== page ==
The country in northern Europe is not only worth a visit during the northern lights season. Finland or Suomi has a very special language. And it also delights visitors with its lakes, forests and moose.
Seeing the Northern Lights under a clear night sky is an awe-inspiring experience for many. In Lapland in northern Finland, these northern lights appear on around 200 nights a year. Aurorae occur when electrically charged solar wind particles collide with oxygen and nitrogen atoms in the upper layers of Earth’s atmosphere.
Celebrations are popular in the Finnish capital – especially on December 6, Independence Day. But a visit to the port city is also worthwhile because of the architecture and the many restaurants and bars. Before gaining independence from Russia, Finland was an autonomous Grand Duchy of Tsarist Russia until 1917.
The sauna is part of everyday Finnish culture. For centuries, Finns have been sweating, relaxing, and debating in this hot spot that keeps their immune systems running during the frigid winter months. There are saunas everywhere in Finland, even in the Parliament in Helsinki there is one.
The Finnish coast in the southwest of the country has tens of thousands of offshore rocky islands, the archipelago. The Kvarken Archipelago is part of the archipelago and is a UNESCO World Heritage Site. The red wooden houses with white windows are typical of the region.
Legendary designers such as Alvar and Aino Aalto made designs from Finland a household name. In Helsinki’s Design District there are countless shops where young creative people offer their products and in the Design Museum you will find Finnish design classics from vases to tableware to furniture.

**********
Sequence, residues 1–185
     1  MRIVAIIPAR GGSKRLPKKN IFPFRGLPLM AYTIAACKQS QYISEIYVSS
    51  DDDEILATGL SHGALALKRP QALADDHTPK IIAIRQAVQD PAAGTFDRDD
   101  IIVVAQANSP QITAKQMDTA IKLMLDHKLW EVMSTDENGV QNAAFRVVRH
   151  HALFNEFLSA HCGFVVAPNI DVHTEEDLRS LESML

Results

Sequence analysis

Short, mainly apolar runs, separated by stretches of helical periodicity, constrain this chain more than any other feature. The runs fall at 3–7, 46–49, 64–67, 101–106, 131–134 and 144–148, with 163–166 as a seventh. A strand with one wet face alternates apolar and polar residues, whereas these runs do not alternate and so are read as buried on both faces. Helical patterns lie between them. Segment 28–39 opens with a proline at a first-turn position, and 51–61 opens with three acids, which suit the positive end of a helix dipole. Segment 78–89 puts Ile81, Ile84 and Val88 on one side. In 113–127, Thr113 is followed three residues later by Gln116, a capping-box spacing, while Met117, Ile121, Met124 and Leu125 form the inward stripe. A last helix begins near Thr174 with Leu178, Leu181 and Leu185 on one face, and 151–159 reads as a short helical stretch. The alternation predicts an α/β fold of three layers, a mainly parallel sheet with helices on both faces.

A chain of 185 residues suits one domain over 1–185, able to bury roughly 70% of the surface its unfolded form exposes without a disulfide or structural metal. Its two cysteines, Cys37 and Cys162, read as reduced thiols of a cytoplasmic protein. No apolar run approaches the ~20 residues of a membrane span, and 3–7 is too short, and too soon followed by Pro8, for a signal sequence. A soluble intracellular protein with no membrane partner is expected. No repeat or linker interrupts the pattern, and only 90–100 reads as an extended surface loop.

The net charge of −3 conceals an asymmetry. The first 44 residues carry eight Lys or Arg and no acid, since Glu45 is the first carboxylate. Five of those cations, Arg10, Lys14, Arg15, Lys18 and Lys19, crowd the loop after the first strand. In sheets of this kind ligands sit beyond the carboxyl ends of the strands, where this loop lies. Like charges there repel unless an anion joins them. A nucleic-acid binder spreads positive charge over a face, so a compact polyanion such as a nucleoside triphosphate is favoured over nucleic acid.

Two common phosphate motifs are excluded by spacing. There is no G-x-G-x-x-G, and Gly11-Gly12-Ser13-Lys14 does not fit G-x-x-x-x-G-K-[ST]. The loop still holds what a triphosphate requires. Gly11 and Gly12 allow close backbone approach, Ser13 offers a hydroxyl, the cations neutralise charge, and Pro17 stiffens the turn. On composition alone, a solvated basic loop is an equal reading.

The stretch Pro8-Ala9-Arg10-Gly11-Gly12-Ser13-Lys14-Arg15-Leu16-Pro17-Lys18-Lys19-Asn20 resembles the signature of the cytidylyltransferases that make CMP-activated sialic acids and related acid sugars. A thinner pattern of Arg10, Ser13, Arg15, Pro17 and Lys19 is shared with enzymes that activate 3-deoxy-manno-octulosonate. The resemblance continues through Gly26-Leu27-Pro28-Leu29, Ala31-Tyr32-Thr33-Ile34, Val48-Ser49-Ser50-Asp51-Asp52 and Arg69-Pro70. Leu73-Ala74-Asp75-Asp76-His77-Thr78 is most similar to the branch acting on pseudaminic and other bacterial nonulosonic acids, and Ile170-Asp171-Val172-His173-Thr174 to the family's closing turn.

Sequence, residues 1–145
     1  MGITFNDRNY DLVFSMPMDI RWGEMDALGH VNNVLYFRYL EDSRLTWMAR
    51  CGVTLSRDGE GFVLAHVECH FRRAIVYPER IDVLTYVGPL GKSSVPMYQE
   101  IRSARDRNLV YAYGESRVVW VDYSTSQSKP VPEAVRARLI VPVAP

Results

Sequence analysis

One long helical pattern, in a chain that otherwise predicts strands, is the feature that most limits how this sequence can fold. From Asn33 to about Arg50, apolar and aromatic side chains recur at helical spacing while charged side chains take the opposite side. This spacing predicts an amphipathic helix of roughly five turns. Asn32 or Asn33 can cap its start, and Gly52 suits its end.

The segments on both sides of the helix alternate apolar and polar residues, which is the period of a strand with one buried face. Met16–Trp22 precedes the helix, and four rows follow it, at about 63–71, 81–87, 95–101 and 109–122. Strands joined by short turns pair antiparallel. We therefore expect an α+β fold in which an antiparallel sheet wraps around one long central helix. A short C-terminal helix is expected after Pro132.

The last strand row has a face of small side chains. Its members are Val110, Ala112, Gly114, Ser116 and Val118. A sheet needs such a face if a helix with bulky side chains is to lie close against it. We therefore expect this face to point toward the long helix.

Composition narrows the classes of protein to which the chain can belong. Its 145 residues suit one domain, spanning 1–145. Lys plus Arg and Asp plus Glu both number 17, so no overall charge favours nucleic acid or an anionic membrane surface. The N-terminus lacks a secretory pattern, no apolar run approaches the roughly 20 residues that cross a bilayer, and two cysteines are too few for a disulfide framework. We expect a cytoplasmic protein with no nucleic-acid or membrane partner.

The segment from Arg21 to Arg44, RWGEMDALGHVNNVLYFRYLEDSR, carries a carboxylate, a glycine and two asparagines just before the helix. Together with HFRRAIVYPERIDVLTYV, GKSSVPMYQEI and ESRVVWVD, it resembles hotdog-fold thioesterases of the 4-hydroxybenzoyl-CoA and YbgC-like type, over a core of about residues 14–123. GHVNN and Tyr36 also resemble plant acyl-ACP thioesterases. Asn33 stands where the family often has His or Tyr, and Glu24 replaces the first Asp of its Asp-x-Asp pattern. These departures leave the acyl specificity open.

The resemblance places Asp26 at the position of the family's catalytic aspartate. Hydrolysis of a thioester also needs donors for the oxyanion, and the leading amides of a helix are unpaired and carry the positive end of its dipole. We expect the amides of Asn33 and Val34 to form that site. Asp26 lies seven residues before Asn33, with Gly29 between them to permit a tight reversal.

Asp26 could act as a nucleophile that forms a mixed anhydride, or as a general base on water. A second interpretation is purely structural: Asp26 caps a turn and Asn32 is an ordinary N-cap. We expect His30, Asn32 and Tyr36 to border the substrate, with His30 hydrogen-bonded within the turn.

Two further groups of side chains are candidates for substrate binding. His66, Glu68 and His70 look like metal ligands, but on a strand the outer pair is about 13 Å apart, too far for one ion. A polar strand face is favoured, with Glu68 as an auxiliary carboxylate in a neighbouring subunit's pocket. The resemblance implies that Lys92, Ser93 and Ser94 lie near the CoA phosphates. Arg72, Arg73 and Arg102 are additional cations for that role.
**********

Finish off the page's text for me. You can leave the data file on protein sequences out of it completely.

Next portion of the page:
About 100,000 moose live in Finland’s forests. However, the shy animals are rarely seen in the wild. If you want to meet moose, it is better to go to one of the parks or zoos where moose live. You can pet tame mooses at Moose Manor Park near Jämsä in central Finland.
Finland’s 40th national park was inaugurated in 2017 to mark the 100th anniversary of independence. Wild animals such as bears, wolves, lynx, and eagles live in the parks. A rare species of freshwater seal, the ringed seal, can be seen in the national parks around Lake Saimaa.
Finland has a long vodka tradition. Most vodka is made from barley and the distillation process can take months. There are also types of vodka with flavors of Nordic blueberries, raspberries or cranberries. Hard alcohol is very expensive. You can only buy it in state monopoly stores called “Alko”.
White winter landscapes are guaranteed in Finland. So if you enjoy skiing, snowboarding, cross-country skiing, snowshoeing or dog sledding, this is the place for you. Many husky breeders in Lapland have specialized in tourism and offer dog sled tours through the wilderness.
Almost all Finns love salmiakki, salty liquorice. The classic salty liquorice comes in hard or soft versions, but you can also find new creations of this typical Finnish specialty, for example with chocolate.
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